Some time ago, I was browsing Kickstarter for interesting projects when I saw this strange project by the name of ‘Lionel Richie’s Head | Bestival 2013’. It was a public art project by two artists who were trying to get a giant inflatable sculpture of Lionel Richie’s head to appear at Bestival 2013 on the Isle of White.
Their idea was to somehow ‘exhibit’ this giant head so that people could get inside and pick up a ringing phone to hear the singer’s voice. “Hello, yes it is me you are looking for”. People who backed the project received printed t-shirts, hats or masks with Lionel’s head printed on the garment of choice. Although it could have been described as a bizarre idea, the project succeeded in reaching its funding target and Lionel Ritchie’s head was at Bestival, much to the satisfaction of the thousands of visitors to the festival.
While living in Barcelona, I heard about the duo several times more and decided to contact them and try to get together for a chat about their projects, inspirations and ideas. So, enough from me, I would like to introduce you to Printsome’s interview with Danger Dave and Killa from Manilla. Or Hungry Castle, as they are collectively known.
Rosen:Dave, you are from Australia and Kill, you are from Ireland, now you both live in Barcelona. How on earth did you guys meet and decide to form an art duo in the first place?
Dave:I founded Hungry Castle 3 years ago. After several years of working in Australian ad agencies I decided to move to Spain to begin a new adventure in art. I met Kill at a creative seminar in Barcelona and although we’re both from opposite ends of the planet, we rock the same brand of zaniness. We started working together at Hungry Castle with the joint-goal of making Cool Shit happen everywhere.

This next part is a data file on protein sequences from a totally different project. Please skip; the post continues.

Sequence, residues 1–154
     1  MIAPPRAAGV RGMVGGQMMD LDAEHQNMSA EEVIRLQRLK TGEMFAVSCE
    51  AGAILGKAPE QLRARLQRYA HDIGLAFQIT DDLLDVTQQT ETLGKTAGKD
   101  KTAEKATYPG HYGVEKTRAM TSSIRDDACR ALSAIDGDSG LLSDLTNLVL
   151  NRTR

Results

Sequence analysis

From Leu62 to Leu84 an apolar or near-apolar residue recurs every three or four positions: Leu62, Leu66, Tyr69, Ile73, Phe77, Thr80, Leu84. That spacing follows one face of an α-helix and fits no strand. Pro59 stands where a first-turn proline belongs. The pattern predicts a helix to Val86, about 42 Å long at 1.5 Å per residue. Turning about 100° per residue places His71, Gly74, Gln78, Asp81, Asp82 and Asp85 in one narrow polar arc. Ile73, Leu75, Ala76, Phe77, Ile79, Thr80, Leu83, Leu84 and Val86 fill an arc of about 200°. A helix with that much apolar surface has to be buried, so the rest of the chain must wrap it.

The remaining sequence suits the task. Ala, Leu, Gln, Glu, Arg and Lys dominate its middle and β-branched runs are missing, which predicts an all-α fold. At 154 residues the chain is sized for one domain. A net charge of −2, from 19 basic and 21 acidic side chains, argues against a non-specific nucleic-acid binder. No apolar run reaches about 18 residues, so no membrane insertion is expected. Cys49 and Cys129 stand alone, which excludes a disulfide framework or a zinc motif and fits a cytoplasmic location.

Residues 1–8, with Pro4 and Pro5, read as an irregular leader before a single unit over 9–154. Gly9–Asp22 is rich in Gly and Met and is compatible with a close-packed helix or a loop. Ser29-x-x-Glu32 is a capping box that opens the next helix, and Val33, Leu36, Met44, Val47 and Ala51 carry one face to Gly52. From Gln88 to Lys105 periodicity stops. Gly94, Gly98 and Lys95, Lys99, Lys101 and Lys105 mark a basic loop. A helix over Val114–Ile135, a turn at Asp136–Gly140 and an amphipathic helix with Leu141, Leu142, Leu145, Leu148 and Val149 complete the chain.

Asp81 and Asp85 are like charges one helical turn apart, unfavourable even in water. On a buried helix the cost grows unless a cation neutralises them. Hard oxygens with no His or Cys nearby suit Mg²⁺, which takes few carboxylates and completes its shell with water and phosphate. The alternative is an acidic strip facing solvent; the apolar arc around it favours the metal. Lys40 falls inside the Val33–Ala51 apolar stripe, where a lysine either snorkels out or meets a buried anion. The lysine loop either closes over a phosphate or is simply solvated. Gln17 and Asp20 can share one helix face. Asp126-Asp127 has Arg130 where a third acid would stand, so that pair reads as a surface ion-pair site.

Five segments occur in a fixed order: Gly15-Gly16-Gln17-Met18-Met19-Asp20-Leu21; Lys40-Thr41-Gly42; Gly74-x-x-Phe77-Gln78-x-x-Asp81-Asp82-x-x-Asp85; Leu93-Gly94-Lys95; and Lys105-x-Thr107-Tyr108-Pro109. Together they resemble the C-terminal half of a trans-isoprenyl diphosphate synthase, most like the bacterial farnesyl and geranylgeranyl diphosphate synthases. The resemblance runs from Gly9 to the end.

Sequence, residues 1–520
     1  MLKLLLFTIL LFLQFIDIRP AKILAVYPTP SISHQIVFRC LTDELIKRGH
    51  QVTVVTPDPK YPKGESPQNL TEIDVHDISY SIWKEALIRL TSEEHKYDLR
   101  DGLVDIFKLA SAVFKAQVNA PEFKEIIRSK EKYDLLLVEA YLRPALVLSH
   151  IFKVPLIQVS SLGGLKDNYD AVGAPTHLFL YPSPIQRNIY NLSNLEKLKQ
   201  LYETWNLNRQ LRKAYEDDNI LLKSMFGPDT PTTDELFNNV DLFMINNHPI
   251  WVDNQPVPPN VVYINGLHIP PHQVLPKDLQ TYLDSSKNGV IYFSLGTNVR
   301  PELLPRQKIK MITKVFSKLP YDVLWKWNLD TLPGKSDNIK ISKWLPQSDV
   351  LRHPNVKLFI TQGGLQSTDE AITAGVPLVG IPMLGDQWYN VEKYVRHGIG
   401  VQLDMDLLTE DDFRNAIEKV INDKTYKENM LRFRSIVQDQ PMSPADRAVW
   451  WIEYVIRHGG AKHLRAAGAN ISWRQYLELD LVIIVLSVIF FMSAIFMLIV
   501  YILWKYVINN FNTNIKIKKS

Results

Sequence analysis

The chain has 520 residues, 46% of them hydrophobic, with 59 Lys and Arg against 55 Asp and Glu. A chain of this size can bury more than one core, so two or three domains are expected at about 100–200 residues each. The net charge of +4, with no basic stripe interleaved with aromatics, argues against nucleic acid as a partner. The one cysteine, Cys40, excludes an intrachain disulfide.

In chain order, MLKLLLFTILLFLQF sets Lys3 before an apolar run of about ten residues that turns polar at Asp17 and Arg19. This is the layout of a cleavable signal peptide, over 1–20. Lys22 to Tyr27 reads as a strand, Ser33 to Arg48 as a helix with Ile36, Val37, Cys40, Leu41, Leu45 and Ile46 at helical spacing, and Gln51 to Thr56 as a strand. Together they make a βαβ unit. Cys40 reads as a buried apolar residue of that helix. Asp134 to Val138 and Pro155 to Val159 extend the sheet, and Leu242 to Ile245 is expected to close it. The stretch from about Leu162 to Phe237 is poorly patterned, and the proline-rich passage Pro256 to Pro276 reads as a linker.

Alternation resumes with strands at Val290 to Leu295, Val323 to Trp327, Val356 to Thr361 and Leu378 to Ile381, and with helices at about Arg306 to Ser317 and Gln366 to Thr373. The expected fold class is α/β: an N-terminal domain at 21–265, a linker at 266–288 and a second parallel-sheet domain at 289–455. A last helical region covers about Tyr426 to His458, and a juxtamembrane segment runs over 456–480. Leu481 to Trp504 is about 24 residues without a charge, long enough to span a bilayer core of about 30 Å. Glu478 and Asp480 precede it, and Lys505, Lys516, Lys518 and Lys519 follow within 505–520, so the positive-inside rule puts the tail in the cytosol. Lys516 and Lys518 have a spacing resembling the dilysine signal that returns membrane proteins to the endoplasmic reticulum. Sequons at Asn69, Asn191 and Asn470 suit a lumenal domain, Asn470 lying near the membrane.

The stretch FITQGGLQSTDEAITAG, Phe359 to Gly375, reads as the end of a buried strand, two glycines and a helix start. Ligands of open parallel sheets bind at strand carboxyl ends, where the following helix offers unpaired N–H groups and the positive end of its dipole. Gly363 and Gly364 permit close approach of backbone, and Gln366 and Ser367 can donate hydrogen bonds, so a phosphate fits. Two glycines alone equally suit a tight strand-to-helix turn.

Rosen: What is Internet Pop? Where does it come from and why does it matter to you?
Kill: We value pop culture and refer to it a lot in our work with a sense of irreverence and freedom. The Internet is our muse and we love silly memes about Laser Cats, Lionel Richie etc. so our sculptures are often about the materialisation of these immaterial things.
Rosen: What pieces of artwork (or other cultural ‘shit’) inspire you and your art?
Dave: We’re inspired by the odd, the retro and youth nostalgia. The work of street artists like Shepard Fairey and neo-pop artists like Jeff Koons are also a big Hungry Castle inspiration.
Rosen: You like to interact with your audience. How do you reach out to people – social media, posters, word of mouth, or something else?
Kill: We bring the noise. Cool Shit is always playful, public and pop. We use design thinking in way that actually engages people and allows them to react/respond either in the physical space, the virtual space, or both!
Rosen: You say you are into fashion. What attracts you to fashion – is it the public side, the art side, both?
Dave: The public, pervasive and persuasive nature of fashion is attractive. The idea that people wear one of our artworks on their head and help share the story behind that particular artwork.
Rosen: You do create some cool screen printing on clothing for most of your projects. Does this in any way shape your ideas of making public art or help you spread such art around?